Installing in a Hyper-V virtual environment
Applies to: Forefront Protection for Exchange
Topic Last Modified: 2010-05-10
Microsoft Forefront Protection 2010 for Exchange Server (FPE) supports the Hyper-V platform. Hyper-V is a hypervisor-based server virtualization technology that enables you to consolidate multiple server roles as separate virtual machines running on a single physical machine. For more information about Hyper-V, see the Hyper-V and Virtualization TechCenter.
The deployment, configuration, and operation of FPE are the same in Hyper-V virtual server environments as on physical servers. This topic provides guidelines for installing FPE in a Hyper-V virtual environment.
|FPE is also approved for any hypervisor-based virtualization technology certified under the Microsoft Server Virtualization Validation program.|
The minimum server and client requirements for FPE are essentially the same when installing in a virtual Hyper-V environment as on a physical server. For information about FPE system requirements, see Verifying system requirements.
However, the application, operating system, and hardware platform versions must be supported by Microsoft Exchange Server on the Hyper-V platform. For details about Exchange Server support recommendations on Hyper-V, see Microsoft Support Policies and Recommendations for Exchange Servers in Hardware Virtualization Environments. For another resource to see if your virtualization configuration is supported, you can access the Virtualization Support Wizard at the following URL: http://go.microsoft.com/fwlink/?LinkId=157617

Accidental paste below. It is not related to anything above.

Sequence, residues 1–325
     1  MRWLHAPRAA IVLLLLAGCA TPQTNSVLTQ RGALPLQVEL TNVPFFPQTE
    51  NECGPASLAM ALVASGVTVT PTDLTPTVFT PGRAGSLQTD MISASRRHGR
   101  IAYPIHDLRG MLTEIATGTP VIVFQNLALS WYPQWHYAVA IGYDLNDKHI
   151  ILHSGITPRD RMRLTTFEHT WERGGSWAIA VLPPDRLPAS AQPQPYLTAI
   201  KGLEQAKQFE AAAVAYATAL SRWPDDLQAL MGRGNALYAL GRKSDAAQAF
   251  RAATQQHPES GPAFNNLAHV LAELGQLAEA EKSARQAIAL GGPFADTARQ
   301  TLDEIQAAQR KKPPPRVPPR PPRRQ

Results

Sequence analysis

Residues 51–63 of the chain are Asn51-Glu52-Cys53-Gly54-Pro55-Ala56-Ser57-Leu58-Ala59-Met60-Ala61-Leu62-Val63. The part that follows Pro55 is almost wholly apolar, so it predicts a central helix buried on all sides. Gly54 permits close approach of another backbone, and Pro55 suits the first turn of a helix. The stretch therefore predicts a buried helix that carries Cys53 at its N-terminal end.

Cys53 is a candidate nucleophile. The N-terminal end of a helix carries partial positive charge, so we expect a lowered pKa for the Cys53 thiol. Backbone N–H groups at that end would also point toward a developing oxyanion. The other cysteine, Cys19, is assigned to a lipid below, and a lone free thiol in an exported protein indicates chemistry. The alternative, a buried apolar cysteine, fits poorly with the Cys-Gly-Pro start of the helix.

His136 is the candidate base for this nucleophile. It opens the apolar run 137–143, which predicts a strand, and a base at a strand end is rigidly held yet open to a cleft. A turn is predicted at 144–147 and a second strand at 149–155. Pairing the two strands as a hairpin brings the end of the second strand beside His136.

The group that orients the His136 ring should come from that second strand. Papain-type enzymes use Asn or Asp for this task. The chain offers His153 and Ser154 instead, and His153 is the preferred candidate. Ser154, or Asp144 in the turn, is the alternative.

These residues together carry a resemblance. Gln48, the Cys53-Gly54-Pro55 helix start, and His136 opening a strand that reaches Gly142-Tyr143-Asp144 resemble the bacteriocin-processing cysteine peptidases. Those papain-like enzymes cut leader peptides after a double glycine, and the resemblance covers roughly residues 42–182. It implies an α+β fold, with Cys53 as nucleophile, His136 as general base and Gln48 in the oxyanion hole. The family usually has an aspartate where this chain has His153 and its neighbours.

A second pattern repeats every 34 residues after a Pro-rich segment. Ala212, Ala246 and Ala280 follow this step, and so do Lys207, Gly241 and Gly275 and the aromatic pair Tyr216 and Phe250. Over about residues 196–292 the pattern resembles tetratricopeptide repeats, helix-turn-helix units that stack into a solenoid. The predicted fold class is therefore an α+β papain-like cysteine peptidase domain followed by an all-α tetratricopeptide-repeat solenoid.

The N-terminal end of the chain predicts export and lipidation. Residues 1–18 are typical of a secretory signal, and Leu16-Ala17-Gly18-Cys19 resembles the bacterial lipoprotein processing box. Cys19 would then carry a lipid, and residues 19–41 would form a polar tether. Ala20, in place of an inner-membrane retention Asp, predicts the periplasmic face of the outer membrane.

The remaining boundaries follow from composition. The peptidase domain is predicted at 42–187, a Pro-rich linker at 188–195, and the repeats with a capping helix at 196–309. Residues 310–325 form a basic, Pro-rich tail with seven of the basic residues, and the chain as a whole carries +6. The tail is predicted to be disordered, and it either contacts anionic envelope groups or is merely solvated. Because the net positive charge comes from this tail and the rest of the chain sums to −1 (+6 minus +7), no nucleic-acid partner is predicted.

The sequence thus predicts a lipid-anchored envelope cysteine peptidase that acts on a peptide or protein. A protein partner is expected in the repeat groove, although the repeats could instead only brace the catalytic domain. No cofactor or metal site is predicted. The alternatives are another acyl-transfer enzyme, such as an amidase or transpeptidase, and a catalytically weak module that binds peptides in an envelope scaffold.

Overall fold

Once the requirements for running Exchange Server in a Hyper-V environment are met, the following guidelines must be followed for the host computer:
The host computer must have enough hardware resources to accommodate the virtual machines being deployed and their intended roles, and the host computer should be deployed with only the virtualization role.
Memory and CPU-intensive applications should not be run on the same host computer as the guest hypervisor.
File-level antivirus scanning should be disabled on directories hosting the guest virtual hard drives (VHD). For more information, see Configuring third-party file-level antivirus programs.
The following are guidelines for the guest computer on which FPE will be installed:
The size of the guest .vhd file must be a fixed value. Predefining the size of the .vhd file ensures that the host computer does not run out of hard drive space.
For performance reasons, it is recommended that you choose Small Computer System Interface (SCSI) or Internet SCSI-based (iSCSI) storage in order to host the FPE database, preferably separately from the guest operating system.
File-level antivirus scanning should exclude all necessary Exchange and FPE directories. For more information, see Configuring third-party file-level antivirus programs.
Snapshots in guest virtual machines are strongly discouraged and are not supported.